In the last post I pointed out all the reasons it was time to rehab the shed, including the old basement windows I had put mirrors in and put on the wall of the shed years ago. But, the old window frame had long since rotted away. It was time.

This week, after having replaced all the trim, I caulked (almost) every seam in the shed...

Which left the shed looking a bit better already.

But I also added frieze boards, as you can see on the side of the shed. There's a reason for that, and it'll all come to light in due time!

The problem was, the wall on that side of the shed had bowed maybe 2 or 3 inches over the years, so I had to do some serious shimming!

In lotsa places!

And in the end, I was able to close the gap considerably - thank goodness for caulk!

But, as you can see, it certainly adds a little interest to the shed. But there's more of a purpose, that'll be clear another day!

Then it was time to start priming. Ever since the shed was built it had been stained at least a couple times, and with plans to paint it, the shed definitely needed to be primed...

A little different angle...

And here's where we are now. Looking up close, I think a second coat of primer is needed to reduce the amount of bleed-through from the stain.

Immer Arbeit!

The Shed Rehab: Finally Making Progress

GB Shaw July 26, 2019

It Already Looks Better!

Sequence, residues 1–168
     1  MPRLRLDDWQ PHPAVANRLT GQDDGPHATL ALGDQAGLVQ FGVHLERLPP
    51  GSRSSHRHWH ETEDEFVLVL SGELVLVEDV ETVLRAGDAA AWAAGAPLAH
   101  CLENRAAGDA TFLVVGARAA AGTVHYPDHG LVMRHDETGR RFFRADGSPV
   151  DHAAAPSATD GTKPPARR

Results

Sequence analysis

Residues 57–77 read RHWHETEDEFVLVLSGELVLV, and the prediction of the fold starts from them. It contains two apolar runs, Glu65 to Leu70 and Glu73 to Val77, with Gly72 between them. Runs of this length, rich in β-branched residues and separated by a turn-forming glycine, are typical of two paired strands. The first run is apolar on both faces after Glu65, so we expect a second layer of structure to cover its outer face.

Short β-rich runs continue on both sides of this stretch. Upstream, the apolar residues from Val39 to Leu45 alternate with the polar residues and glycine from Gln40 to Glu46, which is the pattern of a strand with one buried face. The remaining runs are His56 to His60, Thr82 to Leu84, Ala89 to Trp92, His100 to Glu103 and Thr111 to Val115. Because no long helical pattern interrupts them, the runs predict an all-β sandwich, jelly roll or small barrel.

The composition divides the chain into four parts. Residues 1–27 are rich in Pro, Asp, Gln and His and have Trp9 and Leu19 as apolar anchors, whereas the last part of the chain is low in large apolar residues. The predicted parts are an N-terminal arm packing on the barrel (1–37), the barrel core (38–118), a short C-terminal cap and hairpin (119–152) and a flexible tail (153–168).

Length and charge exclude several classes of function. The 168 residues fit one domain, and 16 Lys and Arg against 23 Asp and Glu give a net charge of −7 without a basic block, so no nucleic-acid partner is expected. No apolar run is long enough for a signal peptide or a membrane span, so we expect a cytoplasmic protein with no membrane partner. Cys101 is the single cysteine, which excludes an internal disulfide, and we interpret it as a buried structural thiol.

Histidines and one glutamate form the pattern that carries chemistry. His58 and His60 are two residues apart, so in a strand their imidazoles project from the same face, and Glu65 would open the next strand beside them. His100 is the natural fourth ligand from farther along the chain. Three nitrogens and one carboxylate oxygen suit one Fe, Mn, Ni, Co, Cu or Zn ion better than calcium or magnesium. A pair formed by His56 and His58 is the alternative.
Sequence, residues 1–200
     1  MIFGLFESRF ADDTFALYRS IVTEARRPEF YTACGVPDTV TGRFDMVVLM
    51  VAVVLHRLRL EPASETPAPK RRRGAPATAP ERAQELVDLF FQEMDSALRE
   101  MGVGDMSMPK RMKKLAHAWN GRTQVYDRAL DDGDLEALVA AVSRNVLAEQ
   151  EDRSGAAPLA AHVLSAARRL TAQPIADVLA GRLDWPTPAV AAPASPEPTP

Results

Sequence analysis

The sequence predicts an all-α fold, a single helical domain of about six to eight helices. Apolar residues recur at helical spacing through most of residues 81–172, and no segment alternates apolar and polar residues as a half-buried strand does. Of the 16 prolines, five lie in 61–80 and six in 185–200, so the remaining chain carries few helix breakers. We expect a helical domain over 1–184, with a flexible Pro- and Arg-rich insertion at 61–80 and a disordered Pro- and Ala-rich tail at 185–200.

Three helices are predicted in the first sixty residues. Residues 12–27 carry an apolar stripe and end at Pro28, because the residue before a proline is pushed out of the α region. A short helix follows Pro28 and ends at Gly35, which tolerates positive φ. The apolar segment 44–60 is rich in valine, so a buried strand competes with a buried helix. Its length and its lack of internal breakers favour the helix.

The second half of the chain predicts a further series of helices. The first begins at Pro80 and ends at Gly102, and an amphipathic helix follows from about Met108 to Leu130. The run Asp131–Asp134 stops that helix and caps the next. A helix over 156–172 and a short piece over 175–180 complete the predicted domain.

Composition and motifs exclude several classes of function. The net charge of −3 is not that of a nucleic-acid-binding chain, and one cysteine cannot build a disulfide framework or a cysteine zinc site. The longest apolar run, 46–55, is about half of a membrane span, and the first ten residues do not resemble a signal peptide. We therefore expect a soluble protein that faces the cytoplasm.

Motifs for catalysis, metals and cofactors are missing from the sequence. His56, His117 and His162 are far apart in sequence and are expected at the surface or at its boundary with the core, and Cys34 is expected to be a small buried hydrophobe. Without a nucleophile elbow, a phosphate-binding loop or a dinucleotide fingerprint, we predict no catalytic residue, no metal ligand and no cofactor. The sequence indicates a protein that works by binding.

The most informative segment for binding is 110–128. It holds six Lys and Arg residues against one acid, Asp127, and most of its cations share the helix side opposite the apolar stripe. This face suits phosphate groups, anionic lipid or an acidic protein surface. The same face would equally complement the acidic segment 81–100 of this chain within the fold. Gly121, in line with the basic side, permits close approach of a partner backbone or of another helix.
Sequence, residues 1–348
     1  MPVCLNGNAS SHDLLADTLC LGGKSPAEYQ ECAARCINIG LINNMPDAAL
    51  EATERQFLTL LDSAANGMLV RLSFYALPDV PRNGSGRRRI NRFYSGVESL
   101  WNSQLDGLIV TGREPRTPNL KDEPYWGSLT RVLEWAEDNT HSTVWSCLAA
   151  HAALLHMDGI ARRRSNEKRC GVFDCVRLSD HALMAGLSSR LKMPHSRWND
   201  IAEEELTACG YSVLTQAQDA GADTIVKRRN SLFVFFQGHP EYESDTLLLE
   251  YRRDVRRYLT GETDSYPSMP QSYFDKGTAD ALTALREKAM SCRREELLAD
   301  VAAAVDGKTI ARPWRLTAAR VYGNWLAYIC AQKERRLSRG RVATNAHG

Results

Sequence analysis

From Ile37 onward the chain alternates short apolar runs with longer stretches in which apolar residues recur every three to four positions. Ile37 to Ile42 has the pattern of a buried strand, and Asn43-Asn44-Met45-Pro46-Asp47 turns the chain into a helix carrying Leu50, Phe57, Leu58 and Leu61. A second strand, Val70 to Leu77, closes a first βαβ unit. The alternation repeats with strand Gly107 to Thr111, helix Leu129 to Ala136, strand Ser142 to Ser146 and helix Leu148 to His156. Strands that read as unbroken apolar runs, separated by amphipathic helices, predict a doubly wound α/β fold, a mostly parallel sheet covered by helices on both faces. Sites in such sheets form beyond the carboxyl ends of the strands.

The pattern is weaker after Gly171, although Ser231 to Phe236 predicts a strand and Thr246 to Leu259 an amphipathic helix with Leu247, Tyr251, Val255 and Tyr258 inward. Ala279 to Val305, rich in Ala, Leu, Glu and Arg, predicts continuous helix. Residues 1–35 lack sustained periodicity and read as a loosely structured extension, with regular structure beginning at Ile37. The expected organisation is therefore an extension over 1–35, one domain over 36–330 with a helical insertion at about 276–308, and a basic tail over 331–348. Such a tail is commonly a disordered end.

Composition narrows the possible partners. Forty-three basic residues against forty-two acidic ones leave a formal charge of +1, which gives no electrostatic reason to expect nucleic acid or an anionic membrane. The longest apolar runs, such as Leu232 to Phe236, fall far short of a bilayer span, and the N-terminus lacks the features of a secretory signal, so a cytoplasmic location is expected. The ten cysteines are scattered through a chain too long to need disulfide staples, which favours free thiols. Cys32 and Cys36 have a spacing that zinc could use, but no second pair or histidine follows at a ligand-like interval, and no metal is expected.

Summer's always interesting for getting projects done. For one thing, depending on what you're doing, you have to be strategic about timing. This is one of those projects! When last we met, almost three weeks ago, the shed had been all primed and ready for painting.

But then came the weather. Between work, rain, heat and high humidity, there just hasn't been a good time to start painting. Until today that is. I had a day off work, woke a little early (not nearly as early as mom and dad though, those two wake the roosters!) and tried to beat the humidity. And it worked - at least for one wall...

For now I'm only painting two walls, as the back and right side walls are hidden by fences, but the left side wall is going to be painted, but the humidity skyrocketed as I was finishing the front wall today, so that'll have to wait. In the meantime, I got started on fixing up the window. 

After replacing the basement windows way back in 1998, I saved the old wood windows because, well... you never know when you might need an old wooden window!

I used one of the windows to make a book case for the front porch...

And when I built the shed, I used another one (I think I still have at least one other in the workshop for some future use). The shed's been up for some time, and the old basement window was really starting to show its age...

So it was time to get 'er fixed up! I started by used my trusty old heat gun to remove the window glaze.

Then I went to work on it with the orbital sander.

Which made quick and easy work of stripping the wood.